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Emigrated from America to New Zealand and never looked back. Couldn't have asked for a better husband, family & life!


The first time I purchased “swedes” here in New Zealand, I was asked by the gentleman at the checkout counter, “How do you eat those?...I thought they were only good fodder for the cows and horses.” I was a little astonished, actually, as I had used them in soups, and stews (as rutabagas) in the States. I had also eaten them mashed along with potatoes at holiday time when visiting friends. It was interesting to see that even with the Kiwi ingenuity and general “green” attitude so prolific ‘down under’, that they would have overlooked such a versatile veg that is so inexpensive to buy, healthy, and downright tasty.

The stereotypical Kiwi will proudly value their resourcefulness and green thumbs. They try to save the planet, save the whales, and hang their clothes on a line in the garden to save electricity rather than using the dryer in their laundry (apparently dryers are only for rainy days and Americans – hehe). So, how is it that the poor swede has been overlooked as a good source of nutrition – especially in such a challenging economic era...where a block of cheese can cost, at it's worst, about NZ $10-12 and a dozen eggs or a loaf of bread can easily be over NZ $5-6???

Well, no matter the reason, I will introduce a few ways to bring this poor little root to the forefront again and give people a few options to try and really enjoy this ‘darlin’ for what it can be.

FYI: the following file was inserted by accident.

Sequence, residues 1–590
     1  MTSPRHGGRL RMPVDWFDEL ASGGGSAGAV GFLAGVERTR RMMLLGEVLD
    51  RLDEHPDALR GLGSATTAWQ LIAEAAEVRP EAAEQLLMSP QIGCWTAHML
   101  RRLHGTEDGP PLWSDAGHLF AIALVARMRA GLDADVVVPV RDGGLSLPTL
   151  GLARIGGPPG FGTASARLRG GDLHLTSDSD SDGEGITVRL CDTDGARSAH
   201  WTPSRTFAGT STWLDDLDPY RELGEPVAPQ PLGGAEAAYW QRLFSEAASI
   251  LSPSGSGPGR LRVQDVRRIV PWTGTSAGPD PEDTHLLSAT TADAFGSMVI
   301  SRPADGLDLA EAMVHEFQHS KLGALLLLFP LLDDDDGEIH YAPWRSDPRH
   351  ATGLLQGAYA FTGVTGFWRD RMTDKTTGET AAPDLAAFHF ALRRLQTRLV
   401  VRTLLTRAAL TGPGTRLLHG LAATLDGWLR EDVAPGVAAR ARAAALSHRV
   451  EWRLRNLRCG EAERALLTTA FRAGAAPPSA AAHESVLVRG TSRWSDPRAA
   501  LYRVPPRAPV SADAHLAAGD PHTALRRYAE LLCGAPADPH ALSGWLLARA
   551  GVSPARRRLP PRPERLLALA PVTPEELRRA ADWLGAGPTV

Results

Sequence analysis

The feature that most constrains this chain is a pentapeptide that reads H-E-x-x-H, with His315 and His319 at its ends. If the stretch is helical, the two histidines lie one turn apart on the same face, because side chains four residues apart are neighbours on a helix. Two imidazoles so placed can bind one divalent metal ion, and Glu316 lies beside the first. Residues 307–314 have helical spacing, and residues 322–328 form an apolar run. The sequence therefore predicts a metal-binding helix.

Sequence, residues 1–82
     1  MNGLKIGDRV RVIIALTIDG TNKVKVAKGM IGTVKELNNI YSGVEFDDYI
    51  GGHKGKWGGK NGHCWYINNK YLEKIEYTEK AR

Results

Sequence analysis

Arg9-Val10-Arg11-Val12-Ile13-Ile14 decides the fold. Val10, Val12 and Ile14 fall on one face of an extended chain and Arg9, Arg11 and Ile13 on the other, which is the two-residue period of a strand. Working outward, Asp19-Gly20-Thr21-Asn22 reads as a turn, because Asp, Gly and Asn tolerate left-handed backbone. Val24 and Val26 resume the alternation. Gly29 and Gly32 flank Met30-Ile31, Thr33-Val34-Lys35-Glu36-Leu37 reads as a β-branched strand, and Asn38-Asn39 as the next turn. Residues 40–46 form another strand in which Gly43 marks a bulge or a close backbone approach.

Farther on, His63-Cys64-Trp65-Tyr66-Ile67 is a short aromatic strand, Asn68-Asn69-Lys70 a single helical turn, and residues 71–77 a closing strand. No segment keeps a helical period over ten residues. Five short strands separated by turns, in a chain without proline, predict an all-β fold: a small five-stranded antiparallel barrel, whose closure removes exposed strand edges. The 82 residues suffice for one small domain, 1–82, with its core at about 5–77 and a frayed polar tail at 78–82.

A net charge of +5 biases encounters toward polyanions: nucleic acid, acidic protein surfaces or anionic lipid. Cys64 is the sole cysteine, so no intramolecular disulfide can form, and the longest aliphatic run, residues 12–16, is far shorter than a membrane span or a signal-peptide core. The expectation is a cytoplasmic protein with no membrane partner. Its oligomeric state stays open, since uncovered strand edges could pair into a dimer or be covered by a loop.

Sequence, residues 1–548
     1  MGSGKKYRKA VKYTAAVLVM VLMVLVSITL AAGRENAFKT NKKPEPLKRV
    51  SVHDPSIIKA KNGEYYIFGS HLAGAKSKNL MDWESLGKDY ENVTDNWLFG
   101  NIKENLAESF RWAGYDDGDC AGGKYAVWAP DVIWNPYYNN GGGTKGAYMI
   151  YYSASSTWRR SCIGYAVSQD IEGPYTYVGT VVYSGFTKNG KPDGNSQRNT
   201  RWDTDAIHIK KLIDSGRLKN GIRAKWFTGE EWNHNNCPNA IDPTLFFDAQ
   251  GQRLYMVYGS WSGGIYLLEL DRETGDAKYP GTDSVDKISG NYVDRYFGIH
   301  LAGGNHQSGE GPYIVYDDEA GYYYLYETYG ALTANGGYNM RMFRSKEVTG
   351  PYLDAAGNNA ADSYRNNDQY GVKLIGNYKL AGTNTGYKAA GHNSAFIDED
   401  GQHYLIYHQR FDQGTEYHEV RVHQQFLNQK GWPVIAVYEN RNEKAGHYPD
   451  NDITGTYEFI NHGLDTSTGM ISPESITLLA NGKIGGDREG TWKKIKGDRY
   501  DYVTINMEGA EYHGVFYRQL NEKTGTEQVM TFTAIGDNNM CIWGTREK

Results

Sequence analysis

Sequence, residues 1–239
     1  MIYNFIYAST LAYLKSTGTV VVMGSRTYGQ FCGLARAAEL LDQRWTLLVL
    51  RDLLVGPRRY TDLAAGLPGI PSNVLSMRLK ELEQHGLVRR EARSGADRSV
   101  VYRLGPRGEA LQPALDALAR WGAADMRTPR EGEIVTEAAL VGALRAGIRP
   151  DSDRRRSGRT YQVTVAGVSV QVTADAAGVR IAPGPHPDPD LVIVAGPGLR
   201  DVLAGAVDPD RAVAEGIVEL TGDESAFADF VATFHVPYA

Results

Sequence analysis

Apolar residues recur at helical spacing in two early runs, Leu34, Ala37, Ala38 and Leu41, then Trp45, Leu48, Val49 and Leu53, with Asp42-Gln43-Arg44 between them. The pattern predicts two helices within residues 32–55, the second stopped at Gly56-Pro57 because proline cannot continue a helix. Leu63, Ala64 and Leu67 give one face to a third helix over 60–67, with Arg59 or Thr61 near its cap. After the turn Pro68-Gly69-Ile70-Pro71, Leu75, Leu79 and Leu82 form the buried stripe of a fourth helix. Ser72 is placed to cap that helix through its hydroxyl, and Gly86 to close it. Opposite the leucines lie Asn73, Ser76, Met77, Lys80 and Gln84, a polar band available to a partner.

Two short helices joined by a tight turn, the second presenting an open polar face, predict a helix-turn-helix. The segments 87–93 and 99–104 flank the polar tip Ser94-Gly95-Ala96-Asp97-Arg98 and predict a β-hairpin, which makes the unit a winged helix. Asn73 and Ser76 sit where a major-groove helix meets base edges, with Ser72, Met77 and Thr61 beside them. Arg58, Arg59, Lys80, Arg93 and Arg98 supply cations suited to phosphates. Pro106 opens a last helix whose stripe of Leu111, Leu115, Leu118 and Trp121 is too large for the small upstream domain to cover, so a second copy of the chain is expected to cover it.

Here is the first, but certainly not the last, recipe for the swede.


1 Swede (Rutabaga), approx 1.5 kg (3 Lbs)
2 Tsp Salt
1 Cup Cream
1 Tbsp Flour
1 Tsp Sugar
*Pepper, to taste
1 Tbsp Parsley, finely chopped

*Amounts vary to individual tastes.


The first thing to do, is to cut up and boil the swede/rutabaga. They are tough, so the easiest way is to quarter them before peeling with a vegetable peeler, then cut it into bite-sized cubes before carefully dropping them into boiling salted water about 1 inch deep. Use about 1 teaspoon of the salt in this water.

Boil the swede/rutabaga for about 15-20 minutes or, until fork tender (much like boiling potatoes).
Move your oven rack to a position about 6 inches from the top and preheat your oven grill (broiler).

Next, drain the pieces well, and then return them to the saucepan.

In a separate bowl or mug, combine the cream, remaining salt, flour, sugar and pepper before pouring it over the swede/rutabaga in the saucepan and cooking over low heat for about 15 minutes, stirring occasionally, to thicken slightly and heat completely.

Now turn this mixture out into a shallow baking dish and place into the oven under the grill/broiler to brown slightly. The cream will puff slightly and turn a golden brown.

Once it has been removed from the grill/broiler, sprinkle with the parsley and serve immediately.

This is a lovely alternative (lo-carb option) to potatoes as a side dish as well!

Bon appetite!

4 Thoughts & Remarks:

Rhyleysgranny said...

This sounds like a really nice way of cooking swedes. I have tended just to boil and mash or add to soups and stews. Thanks for this

Cheryl said...

Good Lord I have never had one in my life, nor even seen them at the market! and you know low carb is good for me. I will have to get some at the farmers market

Momgateway said...

Time to try rutabagas..yummy recipe

Nikki The Foodie said...

These look incredible! I can't believe I have never tried rutabagas before! I'm going to have to hunt some down and give it a try! Thanks for the awesome tip!